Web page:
Madonna’s The Adventure of Abdi


The Adventures of Abdi, by Madonna,

illustrated by Olga Dugina and Andrej Dugin

Reviewed by Susan Fry

Children’s books by celebrities have always made me nervous.  After all, what are the chances that someone who can sing/dance/act can also produce a great book?  It seems unlikely – not to mention unfair – that one person would have so much talent.

Luckily, the The Adventures of Abdi by Madonna (yes, that Madonna) changed my mind.  It’s a satisfyingly traditional tale set somewhere in the Middle East, aimed at kids who may be just a little too young for The Arabian Nights.  The language, the illustrations, and the story itself manage convey an exotic setting without losing the interest of younger children.

The very first sentence, for example, borrows just enough from the flowery storytelling style of the Nights:  “Long ago, in a land far away from the one we know, where sand and mountains stretched as far as the eye could see, and snake charmers wandered the streets, there lived a little boy named Abdi.”

Abdi is the servant of Eli the jeweler, who has the impossible task of creating a necklace for the queen in just four weeks.  But as the philosophical Eli reminds Abdi, “[Remember] that everything we have been given in life is always for the best.”

This proves to be the moral of the story.  When Abdi takes Eli’s necklace to the queen, thieves steal it and replace it with a real snake.  Abdi is thrown into prison.  He tries to remain positive, and his attitude is rewarded when Eli comes to the rescue – he convinces the queen to place the real snake around her neck, where it turns into the necklace.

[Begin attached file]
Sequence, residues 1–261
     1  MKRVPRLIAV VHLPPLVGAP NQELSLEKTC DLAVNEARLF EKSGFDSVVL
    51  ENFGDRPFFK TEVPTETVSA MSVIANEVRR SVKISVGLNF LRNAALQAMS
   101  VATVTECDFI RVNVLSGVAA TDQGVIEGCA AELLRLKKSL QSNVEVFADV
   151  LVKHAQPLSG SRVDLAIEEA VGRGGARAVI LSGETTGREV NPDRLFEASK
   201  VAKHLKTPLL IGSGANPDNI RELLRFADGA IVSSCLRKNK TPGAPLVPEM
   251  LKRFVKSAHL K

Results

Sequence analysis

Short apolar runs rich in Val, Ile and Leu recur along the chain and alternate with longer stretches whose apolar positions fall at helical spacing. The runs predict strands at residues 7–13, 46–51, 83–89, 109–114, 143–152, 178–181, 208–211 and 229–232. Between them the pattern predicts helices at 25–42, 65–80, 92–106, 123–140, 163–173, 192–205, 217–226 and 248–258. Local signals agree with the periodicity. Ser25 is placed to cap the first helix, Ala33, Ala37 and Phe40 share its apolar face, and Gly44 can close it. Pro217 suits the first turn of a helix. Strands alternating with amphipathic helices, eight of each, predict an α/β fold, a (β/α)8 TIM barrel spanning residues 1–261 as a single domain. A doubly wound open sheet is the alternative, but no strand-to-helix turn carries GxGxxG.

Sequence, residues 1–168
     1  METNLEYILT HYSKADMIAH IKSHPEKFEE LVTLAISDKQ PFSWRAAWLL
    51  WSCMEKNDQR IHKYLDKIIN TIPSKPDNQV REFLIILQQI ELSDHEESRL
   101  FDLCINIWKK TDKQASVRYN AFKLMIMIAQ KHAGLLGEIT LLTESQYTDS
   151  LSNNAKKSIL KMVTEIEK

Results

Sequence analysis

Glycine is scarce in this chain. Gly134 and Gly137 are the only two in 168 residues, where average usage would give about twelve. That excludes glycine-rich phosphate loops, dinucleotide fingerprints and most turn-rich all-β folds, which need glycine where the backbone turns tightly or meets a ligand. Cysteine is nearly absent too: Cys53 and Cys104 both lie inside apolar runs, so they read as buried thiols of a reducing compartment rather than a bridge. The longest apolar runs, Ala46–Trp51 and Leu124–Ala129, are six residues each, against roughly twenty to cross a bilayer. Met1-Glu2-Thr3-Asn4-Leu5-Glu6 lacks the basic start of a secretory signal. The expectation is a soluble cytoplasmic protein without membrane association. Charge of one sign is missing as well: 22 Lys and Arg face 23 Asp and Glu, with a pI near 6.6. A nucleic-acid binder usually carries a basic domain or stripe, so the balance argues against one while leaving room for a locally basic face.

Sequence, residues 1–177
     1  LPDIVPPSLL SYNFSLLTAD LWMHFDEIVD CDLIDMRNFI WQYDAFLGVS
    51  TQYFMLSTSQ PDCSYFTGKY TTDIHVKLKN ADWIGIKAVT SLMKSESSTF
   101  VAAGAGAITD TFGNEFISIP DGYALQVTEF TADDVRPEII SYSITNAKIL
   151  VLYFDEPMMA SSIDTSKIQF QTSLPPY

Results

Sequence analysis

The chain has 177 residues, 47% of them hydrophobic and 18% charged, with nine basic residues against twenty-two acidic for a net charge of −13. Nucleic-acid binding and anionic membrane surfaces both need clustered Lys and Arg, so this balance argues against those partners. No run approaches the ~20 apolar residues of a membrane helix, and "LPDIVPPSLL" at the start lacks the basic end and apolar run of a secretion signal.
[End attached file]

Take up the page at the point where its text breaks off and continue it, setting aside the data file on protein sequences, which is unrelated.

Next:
The final, delightful touch?  On the way home, Eli’s story prompts the thieves to set off to the queen’s palace with a sack full of snakes that, needless to say, don’t transform into jewelry.

The gorgeous illustrations don’t just echo the story’s magical elements – they magnify them.  Giant pumpkins grow on the roof of Eli’s house; Abdi watches a dragon curl across the night sky; the king’s pet has the body of a jaguar and the wings of a bird.  The colors are muted, which means the intricate details take on their own flamboyance.  Geometric squares echo the patterns of Middle Eastern carpets, and every piece of clothing or metal is ornately decorated.  Thanks to the illustrators, even the peripheral characters seem to have their own, intriguing stories.  A snake charmer wears a giant snake as a hat, and a palace guard straps an innumerable number of spiky weapons on his belt.

The only sour note?  The illustrators weren’t given equal billing with Madonna.  Her name is the only one that appears on the front of the book.  I guess that’s the reason she is, after all, a celebrity.

Susan Fry is a writer and mother in the San Francisco Bay Area. She’s written for Stanford Magazine, salon, the San Jose Mercury News, and many other publications.

You can check out the Sweet Peas & Stilettos’ children’s books page for quick access to all of Susan’s wonderful children’s book reviews.

Sweet Peas & Stilettos has more children’s books by celebrity mom authors. Come take a look.

Jessica Simpson

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